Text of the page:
• Gloss – A gloss finish produces a shiny paper surface, such as that you’d find on a photograph. It can make full color images and graphics appear more vibrant and visually appealing. It also protects the ink from fading and moisture. Although images on high-gloss paper look great, the shine makes reading text off the page more difficult.
  • Satin – A satin finish falls somewhere between gloss and matte. It produces a slight sheen, enhancing full color images and graphics while preserving the readability of text.
  • Matte – A matte finish produces a smooth yet muted paper surface. It yields a more “artistic” feel to the finished product. Colors appear softer, and text-heavy documents may be easier to read. It also eliminates fingerprints.

business cards postcards

Getting Specific:Common Paper types and uses

80# Gloss Text

This is standard glossy paper stock, about as thick as a light magazine cover. The shiny finish provides an excellent opaque base for rich process color printing. This is a very popular stock for brochure printing, catalog Inserts, flyers, posters, etc.

80# Gloss Cover

As a “cover” stock, this paper is stiff, about like a postcard or baseball card. This stock is coated with a glossy finish, making photographs and other images look beautiful. Standard uses: durable, heavy-weight Brochures, Catalog Covers, Product Spec Sheets.

80# Dull/Matte Text

This stock is finely coated with a non-gloss finish. It provides an excellent opaque base for easy to read, crisp typography. Standard Uses: Brochures, Newsletters, Catalog Inserts, and Flyers, etc.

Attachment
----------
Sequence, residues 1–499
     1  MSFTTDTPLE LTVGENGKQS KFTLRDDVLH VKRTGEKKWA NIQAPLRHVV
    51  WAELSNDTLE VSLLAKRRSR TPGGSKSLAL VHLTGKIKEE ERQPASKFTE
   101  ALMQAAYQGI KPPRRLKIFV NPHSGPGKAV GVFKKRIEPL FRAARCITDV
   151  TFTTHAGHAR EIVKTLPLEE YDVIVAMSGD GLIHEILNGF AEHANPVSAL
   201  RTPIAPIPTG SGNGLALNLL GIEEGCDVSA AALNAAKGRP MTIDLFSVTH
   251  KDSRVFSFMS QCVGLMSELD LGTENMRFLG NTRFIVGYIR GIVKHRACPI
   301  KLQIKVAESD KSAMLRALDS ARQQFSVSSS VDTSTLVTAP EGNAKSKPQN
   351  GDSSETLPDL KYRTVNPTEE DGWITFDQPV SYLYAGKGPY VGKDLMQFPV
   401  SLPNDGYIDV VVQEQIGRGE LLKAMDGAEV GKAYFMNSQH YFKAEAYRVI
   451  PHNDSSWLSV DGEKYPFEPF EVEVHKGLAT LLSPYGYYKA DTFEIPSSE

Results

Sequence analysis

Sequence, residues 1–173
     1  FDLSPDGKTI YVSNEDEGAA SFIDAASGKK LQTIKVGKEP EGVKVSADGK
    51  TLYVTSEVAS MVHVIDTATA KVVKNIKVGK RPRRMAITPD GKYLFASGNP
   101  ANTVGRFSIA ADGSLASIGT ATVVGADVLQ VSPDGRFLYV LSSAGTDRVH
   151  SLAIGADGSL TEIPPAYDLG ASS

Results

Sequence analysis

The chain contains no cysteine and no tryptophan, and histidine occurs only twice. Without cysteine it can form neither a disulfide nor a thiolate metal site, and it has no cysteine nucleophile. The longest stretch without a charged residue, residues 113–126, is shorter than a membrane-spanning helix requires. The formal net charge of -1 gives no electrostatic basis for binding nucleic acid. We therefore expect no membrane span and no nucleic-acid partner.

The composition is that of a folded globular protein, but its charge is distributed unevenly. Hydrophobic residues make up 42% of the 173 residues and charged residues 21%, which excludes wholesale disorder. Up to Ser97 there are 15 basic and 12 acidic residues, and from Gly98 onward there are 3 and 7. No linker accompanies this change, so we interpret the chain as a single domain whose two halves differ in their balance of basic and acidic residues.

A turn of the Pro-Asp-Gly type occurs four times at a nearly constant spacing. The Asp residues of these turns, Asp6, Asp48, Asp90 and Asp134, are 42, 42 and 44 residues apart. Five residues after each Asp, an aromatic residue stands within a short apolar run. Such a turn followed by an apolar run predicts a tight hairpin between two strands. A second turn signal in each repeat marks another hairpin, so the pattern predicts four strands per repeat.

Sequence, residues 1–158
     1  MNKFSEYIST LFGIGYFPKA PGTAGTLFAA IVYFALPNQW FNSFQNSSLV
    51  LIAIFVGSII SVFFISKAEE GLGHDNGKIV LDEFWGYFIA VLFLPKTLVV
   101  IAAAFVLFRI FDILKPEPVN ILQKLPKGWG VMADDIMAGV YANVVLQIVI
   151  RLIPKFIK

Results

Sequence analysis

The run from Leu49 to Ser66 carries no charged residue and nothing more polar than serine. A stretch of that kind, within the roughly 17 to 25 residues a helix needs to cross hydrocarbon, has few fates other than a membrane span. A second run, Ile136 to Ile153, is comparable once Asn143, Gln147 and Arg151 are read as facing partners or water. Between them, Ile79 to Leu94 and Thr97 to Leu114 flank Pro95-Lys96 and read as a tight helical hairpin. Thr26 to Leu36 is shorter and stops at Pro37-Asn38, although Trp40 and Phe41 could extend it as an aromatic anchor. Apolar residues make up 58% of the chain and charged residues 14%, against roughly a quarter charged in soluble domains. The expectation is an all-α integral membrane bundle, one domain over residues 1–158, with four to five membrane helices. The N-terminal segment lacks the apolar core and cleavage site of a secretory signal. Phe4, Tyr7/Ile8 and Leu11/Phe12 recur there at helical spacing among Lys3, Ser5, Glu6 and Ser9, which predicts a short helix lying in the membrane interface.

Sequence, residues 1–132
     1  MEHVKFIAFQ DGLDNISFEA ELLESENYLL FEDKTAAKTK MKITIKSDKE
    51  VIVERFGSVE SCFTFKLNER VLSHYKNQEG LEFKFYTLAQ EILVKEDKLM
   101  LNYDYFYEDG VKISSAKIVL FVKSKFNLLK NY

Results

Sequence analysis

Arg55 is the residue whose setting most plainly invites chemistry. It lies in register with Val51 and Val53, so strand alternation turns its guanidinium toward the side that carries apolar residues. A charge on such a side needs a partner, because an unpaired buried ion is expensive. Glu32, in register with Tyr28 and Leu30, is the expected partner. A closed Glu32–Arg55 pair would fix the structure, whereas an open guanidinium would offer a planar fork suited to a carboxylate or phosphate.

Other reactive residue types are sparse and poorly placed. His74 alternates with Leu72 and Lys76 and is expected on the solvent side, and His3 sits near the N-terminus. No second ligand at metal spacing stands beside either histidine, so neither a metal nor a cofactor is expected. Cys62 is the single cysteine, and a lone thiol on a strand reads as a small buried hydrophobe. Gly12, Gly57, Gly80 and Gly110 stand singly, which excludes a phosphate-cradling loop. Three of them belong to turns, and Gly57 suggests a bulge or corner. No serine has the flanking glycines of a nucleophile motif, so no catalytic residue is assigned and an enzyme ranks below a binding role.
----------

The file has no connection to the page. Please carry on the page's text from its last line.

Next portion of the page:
80# Dull/Matte Cover

Most dull/matte cover is a typically around a 9 PT cover stock with a smooth, non-shiny coating. It is well suited for detailed, crisp printing without sacrificing the ability to easily write on the paper. Often selected with the 80# dull/matte text option for inside your catalog or booklet piece.

100# Gloss Text

Similar to the 80# gloss text, but 25% thicker and heavier, for a more substantial feeling piece. Standard uses: Brochures, Information Sheets, Direct mail pieces, Posters, Door Hangers, etc.

100# Dull/Matte Text

Thicker and heavier than 80# Dull/Matte text for a more substantial feeling piece. Provides a non-glossy, opaque base for detailed, crisp printing.

100# Uncoated Cover

An option for business cards, rack cards and bookmarks. This is smooth and typically around 14 PT in thickness.

110# Uncoated Matte

This paper is often referred to as card stock. This is a great choice when you want the details on your invitations to look crisp and clear, or when your postcards need to withstand a bit of abuse.

120# Gloss Cover

This has a high quality look. It is a glossy, coated finish to make photographs and other images look beautiful. Aqueous coating can be added for an even more protection and shine.

120# Dull/Matte Cover

This typically has a smooth, non-shiny coating. It is well suited for detailed, crisp printing without sacrificing the ability to easily write on the paper. An excellent choice for Business Cards, Postcards, Note Cards and Greeting Cards.

70# Uncoated Text

This is typically used for stationery, envelopes and newsletters. Many common stationery stocks are not optimized for 4-color printing. This paper feels substantial, and is the best type of uncoated paper stock available for full-color printing.

24# Uncoated and 28# Uncoated

This is a standard stock commonly used for envelopes, also called White Wove. The 28# is thicker and heavier than the 24#.

Magnet Stock or Magnetic Paper

Usually thicker- it should deliver high quality printing with excellent color reproduction and will stick to most metal surfaces. It’s a great choice for business cards, postcards, coupons, calendars, sport schedules, and menus.